On the subject of whether to use "whether" or "if," the Glossary of Usage in the Harbrace 12th Edition says: "Use if in a state of condition [huh?] ; use whether as condition: I can't go if you drive; whether or not I go depends on who is driving.
In previous editions (I'm looking at the 6th and 4th), Harbrace said: "Some writers prefer whether to if after such verbs as say, learn, know, understand, doubt, especially when followed by or. As in, 'I did not know whether he would ride or walk.' "
Ruge Rules says flatly:
After such verbs as see, ask, doubt, wonder, question, use whether, not if.
Some rhetoricians offer a choice, but I [Ferdinand E. Ruge] do not think the use of whether instead of if is a matter of preference or desirability at all. You do not wonder a condition (if) but alternatives (whether); e.g., I wonder whether he is coming (or whether he is not coming).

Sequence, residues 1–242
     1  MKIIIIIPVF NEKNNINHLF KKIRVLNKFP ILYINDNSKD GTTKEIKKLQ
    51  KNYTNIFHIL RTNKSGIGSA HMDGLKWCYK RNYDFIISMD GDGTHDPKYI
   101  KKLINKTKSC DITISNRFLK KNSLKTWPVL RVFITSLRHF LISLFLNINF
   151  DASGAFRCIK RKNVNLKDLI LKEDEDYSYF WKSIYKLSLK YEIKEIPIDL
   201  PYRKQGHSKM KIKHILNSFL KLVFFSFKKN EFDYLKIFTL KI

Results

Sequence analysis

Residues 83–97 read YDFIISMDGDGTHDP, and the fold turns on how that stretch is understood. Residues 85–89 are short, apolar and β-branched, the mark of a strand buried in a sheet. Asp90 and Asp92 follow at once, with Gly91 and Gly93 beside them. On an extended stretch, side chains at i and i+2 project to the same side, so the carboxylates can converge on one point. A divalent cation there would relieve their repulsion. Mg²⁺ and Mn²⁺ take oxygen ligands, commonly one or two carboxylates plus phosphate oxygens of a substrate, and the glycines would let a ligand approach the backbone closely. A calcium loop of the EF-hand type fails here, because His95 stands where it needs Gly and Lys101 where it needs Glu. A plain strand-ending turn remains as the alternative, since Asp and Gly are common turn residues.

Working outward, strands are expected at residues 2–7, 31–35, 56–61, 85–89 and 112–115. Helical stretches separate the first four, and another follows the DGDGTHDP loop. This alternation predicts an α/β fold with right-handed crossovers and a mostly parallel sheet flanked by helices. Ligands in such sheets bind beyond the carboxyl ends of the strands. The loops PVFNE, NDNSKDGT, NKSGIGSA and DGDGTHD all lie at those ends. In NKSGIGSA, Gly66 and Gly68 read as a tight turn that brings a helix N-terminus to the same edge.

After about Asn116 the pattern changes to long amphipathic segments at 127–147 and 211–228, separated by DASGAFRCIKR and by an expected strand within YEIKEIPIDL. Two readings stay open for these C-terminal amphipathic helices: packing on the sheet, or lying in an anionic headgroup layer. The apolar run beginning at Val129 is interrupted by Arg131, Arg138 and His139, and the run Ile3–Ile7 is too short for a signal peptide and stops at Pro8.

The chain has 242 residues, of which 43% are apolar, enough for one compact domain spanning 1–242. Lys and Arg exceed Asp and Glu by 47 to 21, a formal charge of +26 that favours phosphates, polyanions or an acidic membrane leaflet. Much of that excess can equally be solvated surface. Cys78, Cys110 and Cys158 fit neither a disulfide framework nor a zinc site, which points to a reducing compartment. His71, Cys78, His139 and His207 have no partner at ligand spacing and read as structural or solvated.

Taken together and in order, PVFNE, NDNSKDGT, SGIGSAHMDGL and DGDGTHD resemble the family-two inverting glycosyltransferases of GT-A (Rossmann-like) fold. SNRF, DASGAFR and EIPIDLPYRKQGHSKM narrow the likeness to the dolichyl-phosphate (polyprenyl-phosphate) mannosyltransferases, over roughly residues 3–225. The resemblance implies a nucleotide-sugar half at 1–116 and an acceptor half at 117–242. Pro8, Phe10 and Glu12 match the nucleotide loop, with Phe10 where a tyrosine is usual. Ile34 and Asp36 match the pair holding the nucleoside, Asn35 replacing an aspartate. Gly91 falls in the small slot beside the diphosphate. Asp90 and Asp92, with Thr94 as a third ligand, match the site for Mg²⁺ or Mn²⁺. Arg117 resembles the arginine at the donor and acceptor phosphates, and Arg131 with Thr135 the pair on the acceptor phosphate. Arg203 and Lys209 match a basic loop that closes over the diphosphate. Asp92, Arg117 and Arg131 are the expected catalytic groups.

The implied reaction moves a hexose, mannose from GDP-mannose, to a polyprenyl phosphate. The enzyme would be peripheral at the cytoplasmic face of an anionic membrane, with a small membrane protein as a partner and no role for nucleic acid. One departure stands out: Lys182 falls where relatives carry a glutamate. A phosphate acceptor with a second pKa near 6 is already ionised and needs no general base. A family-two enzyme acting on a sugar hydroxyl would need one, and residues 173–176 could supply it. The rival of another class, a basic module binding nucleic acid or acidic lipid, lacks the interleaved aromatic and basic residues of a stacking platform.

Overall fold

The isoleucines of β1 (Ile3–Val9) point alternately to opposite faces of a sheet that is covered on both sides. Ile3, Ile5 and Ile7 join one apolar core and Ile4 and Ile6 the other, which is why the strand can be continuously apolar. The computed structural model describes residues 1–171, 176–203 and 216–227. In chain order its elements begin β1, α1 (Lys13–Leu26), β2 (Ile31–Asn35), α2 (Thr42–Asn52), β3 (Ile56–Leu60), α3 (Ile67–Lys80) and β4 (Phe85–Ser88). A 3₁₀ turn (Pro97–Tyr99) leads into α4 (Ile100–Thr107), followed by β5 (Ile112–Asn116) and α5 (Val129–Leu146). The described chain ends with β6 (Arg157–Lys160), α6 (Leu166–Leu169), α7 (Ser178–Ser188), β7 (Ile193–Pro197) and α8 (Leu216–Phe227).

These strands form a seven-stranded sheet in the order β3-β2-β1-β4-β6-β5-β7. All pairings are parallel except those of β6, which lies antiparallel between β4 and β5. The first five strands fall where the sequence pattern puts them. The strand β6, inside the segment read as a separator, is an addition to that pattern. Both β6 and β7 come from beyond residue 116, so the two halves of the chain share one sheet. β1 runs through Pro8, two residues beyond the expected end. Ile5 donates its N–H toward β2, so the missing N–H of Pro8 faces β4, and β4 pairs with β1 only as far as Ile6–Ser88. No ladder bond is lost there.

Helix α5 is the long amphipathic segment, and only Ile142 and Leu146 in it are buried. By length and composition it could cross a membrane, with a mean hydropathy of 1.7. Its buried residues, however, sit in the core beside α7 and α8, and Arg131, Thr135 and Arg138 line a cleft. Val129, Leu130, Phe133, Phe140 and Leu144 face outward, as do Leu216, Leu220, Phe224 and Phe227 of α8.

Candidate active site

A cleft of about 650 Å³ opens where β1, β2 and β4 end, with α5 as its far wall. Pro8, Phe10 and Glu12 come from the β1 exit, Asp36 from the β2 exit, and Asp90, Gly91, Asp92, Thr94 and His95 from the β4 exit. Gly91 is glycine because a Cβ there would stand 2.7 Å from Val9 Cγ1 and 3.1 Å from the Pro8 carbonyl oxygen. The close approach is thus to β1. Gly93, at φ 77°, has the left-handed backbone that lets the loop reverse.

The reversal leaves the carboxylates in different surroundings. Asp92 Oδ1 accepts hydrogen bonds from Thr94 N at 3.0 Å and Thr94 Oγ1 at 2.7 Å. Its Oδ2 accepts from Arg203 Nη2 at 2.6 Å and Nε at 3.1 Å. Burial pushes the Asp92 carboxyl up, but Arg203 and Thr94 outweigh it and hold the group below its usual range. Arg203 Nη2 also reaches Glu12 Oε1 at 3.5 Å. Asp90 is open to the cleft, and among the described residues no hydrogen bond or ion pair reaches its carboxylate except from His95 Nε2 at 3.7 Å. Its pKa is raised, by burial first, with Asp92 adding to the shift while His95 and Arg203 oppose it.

There are much more important matters for you to be concerned with than the use of whether instead of if ; at the same time, I want you to observe the practice stated above.
I doubt whether the time is right to make a second attempt.
He asked me whether I had ever been there before.
I want to know whether you are ready.
Please see whether the water has been turned off.
I question whether the proposed course of action is desirable.
I will not try if the time is not right.
Anne Bagamery, business editor of the International Herald Tribune, adds the following words of common sense:
The journalists' shortcut is this: What makes the sentence clear?
"I didn't know whether he would walk or drive" is clear. (You knew he'd get there, but you didn't know which mode of transportation he would use.)
"I didn't know if he would walk or drive" is ambiguous. (What didn't you know? Whether he'd get there, or which mode of transportation?)